After double-majoring in pharmacology and toxicology as well as biological sciences at the University of Buffalo in New York, Ghassan “Gus” Mohsin began looking for a graduate program that would further prepare him for medical school. Browsing the listings on the Association for American Medical Colleges website, he stumbled across Eastern Mennonite University’s brand-new MA in biomedicine program that appealed in several ways.
Similar costs of living in Harrisonburg, Virginia, and Buffalo, New York? Nice. Major big-city-to-small-town change of pace? Good. Two-year program culminating in a master’s degree? Handy to have that extra credential in case med school doesn’t happen.
Mohsin also liked that the university and program advertised their Christian foundations, even though he himself was a Muslim. (Born in Yemen, Mohsin moved with his family to the United States as a young child.) During his two years studying at EMU, he felt encouraged to explore the relationship between his own faith and medicine, and found himself connecting more strongly with his own religious background.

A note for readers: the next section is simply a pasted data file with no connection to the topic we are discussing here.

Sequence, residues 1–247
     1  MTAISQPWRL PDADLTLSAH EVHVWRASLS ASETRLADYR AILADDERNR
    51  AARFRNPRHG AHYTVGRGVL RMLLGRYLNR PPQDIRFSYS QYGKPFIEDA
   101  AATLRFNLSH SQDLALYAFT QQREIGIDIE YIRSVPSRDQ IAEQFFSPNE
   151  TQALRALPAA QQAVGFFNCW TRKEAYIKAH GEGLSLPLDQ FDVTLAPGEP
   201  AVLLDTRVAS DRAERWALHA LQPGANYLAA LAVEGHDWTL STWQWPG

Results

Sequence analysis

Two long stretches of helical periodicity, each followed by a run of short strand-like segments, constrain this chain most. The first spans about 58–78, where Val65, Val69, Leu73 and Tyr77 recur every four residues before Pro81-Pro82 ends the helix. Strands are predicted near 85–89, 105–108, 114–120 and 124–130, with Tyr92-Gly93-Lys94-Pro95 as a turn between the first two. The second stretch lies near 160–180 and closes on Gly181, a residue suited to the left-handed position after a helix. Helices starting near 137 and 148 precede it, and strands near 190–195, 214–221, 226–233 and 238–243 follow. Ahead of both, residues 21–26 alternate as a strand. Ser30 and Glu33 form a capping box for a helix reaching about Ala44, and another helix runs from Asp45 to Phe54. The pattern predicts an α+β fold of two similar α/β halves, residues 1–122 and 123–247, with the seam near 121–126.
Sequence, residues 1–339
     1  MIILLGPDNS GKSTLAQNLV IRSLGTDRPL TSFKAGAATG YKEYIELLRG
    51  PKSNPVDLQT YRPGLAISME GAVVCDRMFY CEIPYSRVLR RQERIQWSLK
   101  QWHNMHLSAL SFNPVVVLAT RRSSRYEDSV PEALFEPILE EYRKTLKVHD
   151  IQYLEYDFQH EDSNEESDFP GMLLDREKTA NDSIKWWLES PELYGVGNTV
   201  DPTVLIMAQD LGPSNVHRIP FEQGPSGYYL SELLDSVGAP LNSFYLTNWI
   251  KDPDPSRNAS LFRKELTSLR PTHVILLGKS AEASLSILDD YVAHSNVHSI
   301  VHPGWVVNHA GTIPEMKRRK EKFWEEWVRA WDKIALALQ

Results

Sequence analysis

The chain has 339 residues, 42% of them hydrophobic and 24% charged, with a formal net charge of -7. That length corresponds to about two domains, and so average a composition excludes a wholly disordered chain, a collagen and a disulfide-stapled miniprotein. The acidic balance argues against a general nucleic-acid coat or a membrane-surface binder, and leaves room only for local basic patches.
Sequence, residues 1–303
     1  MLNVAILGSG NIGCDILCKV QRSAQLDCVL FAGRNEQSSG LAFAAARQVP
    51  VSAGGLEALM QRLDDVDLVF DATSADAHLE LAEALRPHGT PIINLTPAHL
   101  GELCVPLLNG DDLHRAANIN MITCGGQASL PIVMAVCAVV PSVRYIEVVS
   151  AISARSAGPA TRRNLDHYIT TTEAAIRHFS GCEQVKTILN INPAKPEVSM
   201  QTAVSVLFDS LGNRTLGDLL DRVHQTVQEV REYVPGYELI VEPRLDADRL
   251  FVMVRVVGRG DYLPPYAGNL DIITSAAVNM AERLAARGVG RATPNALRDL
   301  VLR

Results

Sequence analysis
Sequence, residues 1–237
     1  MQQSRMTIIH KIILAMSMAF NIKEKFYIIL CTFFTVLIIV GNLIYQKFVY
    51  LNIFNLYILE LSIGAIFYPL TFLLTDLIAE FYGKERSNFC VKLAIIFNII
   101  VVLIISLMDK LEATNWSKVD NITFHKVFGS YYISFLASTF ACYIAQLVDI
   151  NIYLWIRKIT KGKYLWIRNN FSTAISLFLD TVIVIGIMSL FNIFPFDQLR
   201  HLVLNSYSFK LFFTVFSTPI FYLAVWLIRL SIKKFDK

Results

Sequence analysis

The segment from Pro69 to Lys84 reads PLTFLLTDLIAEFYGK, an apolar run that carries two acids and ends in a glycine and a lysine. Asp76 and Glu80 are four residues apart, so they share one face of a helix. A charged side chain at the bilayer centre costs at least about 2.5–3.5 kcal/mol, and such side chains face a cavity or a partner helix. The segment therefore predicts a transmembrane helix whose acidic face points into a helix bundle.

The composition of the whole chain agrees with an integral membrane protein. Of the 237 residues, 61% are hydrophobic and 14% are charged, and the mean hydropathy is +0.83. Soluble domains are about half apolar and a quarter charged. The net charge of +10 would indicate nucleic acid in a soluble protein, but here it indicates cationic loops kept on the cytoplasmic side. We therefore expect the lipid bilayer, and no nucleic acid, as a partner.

As one of the first eight to undertake the MA in biomedicine program – he completed his final course project in early fall 2014 – Mohsin appreciated the program’s strong focus on treating whole people, not isolated pathologies.
“It’s broadened my horizons. [Medicine] is not just about drugs and hospitals,” says Mohsin.
Regular bioethics seminars that examined controversial medical topics such as euthanasia and abortion from different standpoints were another highlight of Mohsin’s experience.
Mohsin is applying to medical schools in the hope of one day being a pediatric neurologist – an interest he traces to his love of “the mystery of the brain” and his younger sister, who suffered from seizures as a child.
Mohsin hopes to teach at a community college until he is admitted to medical school. He got the chance to practice that skill as a graduate assistant for EMU’s unique anatomy and physiology course, in which students – even at the undergraduate level – dissect a human cadaver. After taking the course himself, and then helping to teach it twice, Mohsin says he developed a very good grasp of human anatomy that will give him “such an advantage over so many aspiring medical students.”
Mohsin says he feels well prepared to handle the workload and material he’ll encounter in medical school. And in a broader sense, the whole-patient perspective of health emphasized by EMU’s program has equipped him to heal people instead of just treating illness – something, he says, that our current healthcare system needs plenty more of.